Mandolin Cafe: According to your web site you're taking the camp instructors and some special guests into Nashville for a Benefit Concert.
Mike Compton: Our annual camp concert will be held at Carter Vintage Guitars, 625 8th Ave S in Nashville on September 6, 7:30 p.m. All proceeds from the event will go towards our 2015 Camp Youth Scholarship Fund. The concert will be available as a live telecast over the web via Concert Window. We'll be providing details on that in the near future on our web site. We're also working with one of Nashville's premier microbreweries to cater food and beverage for the evening. It should be a great time and the concert will be open to general public.
Paddy on the Turnpike
Mike Compton shares some techniques and insight into Bill Monroe's playing of Paddy on the Turnpike and ends with some information about the upcoming Monroe Mandolin Camp.
Mandolin Cafe: Now that the camp is yours to do with as you see fit what kind of changes might we expect in the future?
Mike Compton: In 2015 we'll be adding a track for Fiddle and Banjo students. For lack of a better description we're looking to make this into an "old school bluegrass camp," a specific type of bluegrass that's not progressive, that's not rock and roll, not jam-based, and more geared towards the traditional side.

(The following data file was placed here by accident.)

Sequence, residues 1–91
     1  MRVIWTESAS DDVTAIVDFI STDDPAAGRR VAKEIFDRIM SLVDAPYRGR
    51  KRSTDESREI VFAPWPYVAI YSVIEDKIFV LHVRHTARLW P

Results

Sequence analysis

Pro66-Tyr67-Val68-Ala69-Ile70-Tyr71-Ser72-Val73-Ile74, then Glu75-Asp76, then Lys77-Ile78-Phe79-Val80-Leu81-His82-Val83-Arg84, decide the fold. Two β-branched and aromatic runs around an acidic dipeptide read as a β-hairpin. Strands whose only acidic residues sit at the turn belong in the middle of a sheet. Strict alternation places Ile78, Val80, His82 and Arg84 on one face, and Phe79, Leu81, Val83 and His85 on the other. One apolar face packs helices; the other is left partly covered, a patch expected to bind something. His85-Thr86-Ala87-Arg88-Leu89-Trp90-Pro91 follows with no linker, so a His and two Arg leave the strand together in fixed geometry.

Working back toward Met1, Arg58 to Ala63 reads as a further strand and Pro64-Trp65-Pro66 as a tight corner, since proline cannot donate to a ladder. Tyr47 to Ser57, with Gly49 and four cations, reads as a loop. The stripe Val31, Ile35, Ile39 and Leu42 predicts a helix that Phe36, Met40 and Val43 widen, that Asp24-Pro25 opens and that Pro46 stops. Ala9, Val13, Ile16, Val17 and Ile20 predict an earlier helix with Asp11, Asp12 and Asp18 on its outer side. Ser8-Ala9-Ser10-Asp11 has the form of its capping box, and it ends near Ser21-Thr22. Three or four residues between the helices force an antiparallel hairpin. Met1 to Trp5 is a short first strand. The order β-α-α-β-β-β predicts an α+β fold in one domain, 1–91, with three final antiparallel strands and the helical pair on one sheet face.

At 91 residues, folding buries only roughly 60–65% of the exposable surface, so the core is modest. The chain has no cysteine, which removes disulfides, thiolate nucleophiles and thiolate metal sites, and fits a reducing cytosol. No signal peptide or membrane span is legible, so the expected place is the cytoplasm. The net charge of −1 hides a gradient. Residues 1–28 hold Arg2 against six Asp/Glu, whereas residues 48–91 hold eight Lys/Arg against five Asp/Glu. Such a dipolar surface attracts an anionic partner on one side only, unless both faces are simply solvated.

We've received a lot of feedback from traditional bluegrass musicians wanting a camp that fit their style of music. They feel like they've been left out and there's no one representing their interests.
It wasn't like I was sitting around thinking of adding more instruments, but it makes sense. You know where I stand on the traditional side of music so when we heard "you need to do this because we don't have any other place to go," we decided to accept the challenge. We're looking forward to the expansion and see it as a positive change to have other key bluegrass instruments sharing the experience.
There are other changes contemplated for 2015 that I've always wanted to get into but it's probably best to not speculate right now. What I can promise is that any move we make will definitely match up with a more traditional style of the music.
Mandolin Cafe: While we have you, you're working on another Monroe project we'd like you to share with our readers.